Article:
It’s ANZAC Day, and I’m in the lovely city of Matsue, Japan, not many miles from Hiroshima, and heading for Nagasaki. Japan has a healthy though ageing population, and many elderly domestic tourists visit this city. I realise that most of them – ie those over 70 – were alive in 1945.
Japan had changed so much since then, yet Japan is a place that manages change slowly. Credit cards are still not widely used, the car does not rule (despite Japan being the car-maker to the world), the trains are cool, and the humble bicycle rules the urban landscape.
About 80 percent of the cars on the road are compact – noticeably smaller than my Honda Civic – and practical for urban living. I cannot recall having seen an SUV anywhere.
The bicycles are simple, leisurely, unisex, with a carry-basket in the front. Almost everyone seems to have one, and they are ridden without helmets in normal street or business clothes on footpaths and on streets. There is not any sense of danger around cycling; quite the obverse of Auckland.
While there are large apartment blocks in the larger cities, they are not nearly as prominent as in China or Korea. Indeed there are also plenty of traditional houses, compact (of course) in the main. We can learn a lot about sustainable urban living from the Japanese.
There is a sense of publicness – of social capital – that clearly influences people’s choices. And that sense doesn’t derive from any single faith. Contemporary Japanese values are an eclectic mix of domestic and foreign influences. While, to western eyes, there may seem to be too much conformity – and there certainly is a sense of nationality – Japanese inventors and designers are clearly among the most creative in the world.
Japan is open to a much more diverse range of ideas about economics; it’s far from stuck in the narrow conformity that neoliberal thought has delivered to intellectual life in New Zealand. And there’s an interesting pragmatism about debt.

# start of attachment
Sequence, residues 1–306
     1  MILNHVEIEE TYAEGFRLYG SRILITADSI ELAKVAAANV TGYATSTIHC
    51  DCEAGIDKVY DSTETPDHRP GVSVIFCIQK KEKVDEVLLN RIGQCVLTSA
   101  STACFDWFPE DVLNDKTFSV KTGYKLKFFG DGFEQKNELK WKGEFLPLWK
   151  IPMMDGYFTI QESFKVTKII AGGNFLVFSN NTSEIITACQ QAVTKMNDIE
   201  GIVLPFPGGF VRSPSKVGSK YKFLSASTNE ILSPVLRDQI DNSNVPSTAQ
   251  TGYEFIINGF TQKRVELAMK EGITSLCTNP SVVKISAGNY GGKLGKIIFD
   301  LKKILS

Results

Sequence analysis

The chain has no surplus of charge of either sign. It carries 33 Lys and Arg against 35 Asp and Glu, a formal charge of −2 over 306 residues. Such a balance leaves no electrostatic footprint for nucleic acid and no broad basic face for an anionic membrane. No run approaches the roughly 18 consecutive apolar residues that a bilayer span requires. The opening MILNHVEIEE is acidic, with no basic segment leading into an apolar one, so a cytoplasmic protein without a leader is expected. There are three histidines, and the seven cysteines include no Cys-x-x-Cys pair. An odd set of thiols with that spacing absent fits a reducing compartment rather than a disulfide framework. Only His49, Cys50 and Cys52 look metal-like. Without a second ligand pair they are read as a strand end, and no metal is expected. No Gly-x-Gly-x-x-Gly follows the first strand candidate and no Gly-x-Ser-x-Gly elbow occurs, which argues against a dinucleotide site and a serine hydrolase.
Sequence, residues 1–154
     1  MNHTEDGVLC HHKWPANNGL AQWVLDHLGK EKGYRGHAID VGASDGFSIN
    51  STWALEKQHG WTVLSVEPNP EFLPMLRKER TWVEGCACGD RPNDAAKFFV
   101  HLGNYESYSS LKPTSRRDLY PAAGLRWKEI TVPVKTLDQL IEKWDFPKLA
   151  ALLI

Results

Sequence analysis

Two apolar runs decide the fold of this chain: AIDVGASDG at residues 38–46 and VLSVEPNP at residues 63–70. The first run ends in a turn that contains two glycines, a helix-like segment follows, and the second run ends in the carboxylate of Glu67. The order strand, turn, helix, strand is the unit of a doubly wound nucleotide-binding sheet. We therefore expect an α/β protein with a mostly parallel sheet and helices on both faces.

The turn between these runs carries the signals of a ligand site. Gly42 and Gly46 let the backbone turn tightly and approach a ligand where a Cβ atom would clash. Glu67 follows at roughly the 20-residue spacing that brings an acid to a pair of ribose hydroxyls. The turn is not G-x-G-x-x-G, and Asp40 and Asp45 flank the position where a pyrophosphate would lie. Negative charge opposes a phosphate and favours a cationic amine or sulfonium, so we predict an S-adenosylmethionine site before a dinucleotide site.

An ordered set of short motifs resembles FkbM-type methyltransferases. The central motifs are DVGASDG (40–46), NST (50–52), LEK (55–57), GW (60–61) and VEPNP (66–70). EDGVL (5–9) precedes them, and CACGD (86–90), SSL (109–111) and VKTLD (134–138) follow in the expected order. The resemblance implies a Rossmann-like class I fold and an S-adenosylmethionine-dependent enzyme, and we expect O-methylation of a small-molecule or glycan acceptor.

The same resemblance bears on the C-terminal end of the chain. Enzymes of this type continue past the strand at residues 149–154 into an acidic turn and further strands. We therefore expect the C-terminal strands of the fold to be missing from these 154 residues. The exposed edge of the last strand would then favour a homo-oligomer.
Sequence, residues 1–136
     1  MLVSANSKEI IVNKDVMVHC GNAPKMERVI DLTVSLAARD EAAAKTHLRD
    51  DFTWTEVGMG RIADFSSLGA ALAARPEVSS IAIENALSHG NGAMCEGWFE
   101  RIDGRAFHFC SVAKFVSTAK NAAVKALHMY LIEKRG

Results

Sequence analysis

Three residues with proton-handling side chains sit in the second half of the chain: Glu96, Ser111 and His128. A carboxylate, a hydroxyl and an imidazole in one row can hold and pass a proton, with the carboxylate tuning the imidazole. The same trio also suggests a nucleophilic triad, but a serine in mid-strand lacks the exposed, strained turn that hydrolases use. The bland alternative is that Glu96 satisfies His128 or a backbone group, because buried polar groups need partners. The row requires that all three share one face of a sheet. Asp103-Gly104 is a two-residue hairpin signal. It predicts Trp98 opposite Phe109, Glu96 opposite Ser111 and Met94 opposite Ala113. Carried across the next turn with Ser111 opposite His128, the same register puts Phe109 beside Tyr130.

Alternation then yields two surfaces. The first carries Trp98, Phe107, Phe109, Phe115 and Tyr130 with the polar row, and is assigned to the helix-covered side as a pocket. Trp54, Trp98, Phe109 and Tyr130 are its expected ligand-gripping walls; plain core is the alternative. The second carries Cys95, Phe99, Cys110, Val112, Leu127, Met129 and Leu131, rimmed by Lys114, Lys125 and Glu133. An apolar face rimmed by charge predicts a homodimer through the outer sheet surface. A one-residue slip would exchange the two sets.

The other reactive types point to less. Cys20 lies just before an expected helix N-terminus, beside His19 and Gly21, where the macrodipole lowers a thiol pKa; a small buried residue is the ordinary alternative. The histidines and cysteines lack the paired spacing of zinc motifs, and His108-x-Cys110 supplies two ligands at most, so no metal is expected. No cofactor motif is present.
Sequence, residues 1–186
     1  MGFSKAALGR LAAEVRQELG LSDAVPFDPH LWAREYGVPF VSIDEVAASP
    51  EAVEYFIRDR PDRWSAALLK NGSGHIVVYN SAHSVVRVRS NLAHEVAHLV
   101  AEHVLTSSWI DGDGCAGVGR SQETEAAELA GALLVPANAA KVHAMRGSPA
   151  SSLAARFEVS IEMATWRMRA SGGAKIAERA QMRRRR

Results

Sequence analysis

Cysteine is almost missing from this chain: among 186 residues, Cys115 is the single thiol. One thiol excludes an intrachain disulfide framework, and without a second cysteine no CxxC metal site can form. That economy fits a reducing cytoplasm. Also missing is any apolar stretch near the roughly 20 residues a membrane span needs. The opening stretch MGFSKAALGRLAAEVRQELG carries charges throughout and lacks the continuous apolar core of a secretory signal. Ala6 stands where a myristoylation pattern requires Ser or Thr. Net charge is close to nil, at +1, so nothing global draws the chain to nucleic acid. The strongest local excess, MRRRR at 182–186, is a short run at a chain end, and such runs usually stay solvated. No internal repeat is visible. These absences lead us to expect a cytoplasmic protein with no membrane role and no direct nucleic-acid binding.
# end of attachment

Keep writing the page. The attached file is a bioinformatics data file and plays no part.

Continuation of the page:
Japanese people are debt-averse (hence the slow adoption of credit cards); they are savers by nature. But they lend their private surpluses in substantial part to their own government. Thus the Japanese government is, I understand, the world’s biggest public sector debtor. Many foreigners see this as a problem for Japan, but it’s not, it’s a solution. The cruelest policy the Japanese government could inflict on its people would be to try to run Budget surpluses to reduce its debt. The government debt is simply the flip-side of the country’s private savings.
I hope that Japan is able to stay clear of the geopolitics that can make the world, quite suddenly, a perilous place. Undoubtedly it still has much in its own history to come to terms with. And Japan retains an uncompromising blind spot re its whaling ventures. But as the victim of the very worst calamities that man and nature have devised, we can learn much from Japan’s resilience.
On that note, Japan faced an economic catastrophe in the early 1990s, following its financial excesses in the late 1980s. We in the west still do not appreciate how important the pragmatism that followed – and in the face of massive western advise to adopt neoliberalism – was in preventing what would otherwise have been the biggest economic disaster in the world in the second half of the twentieth century.
I do not know what Barrack Obama and Shinzo Abe have been talking about in these last two days. But let’s hope it’s been about peace, prosperity, sustainability and openness to the challenges that face the world this century.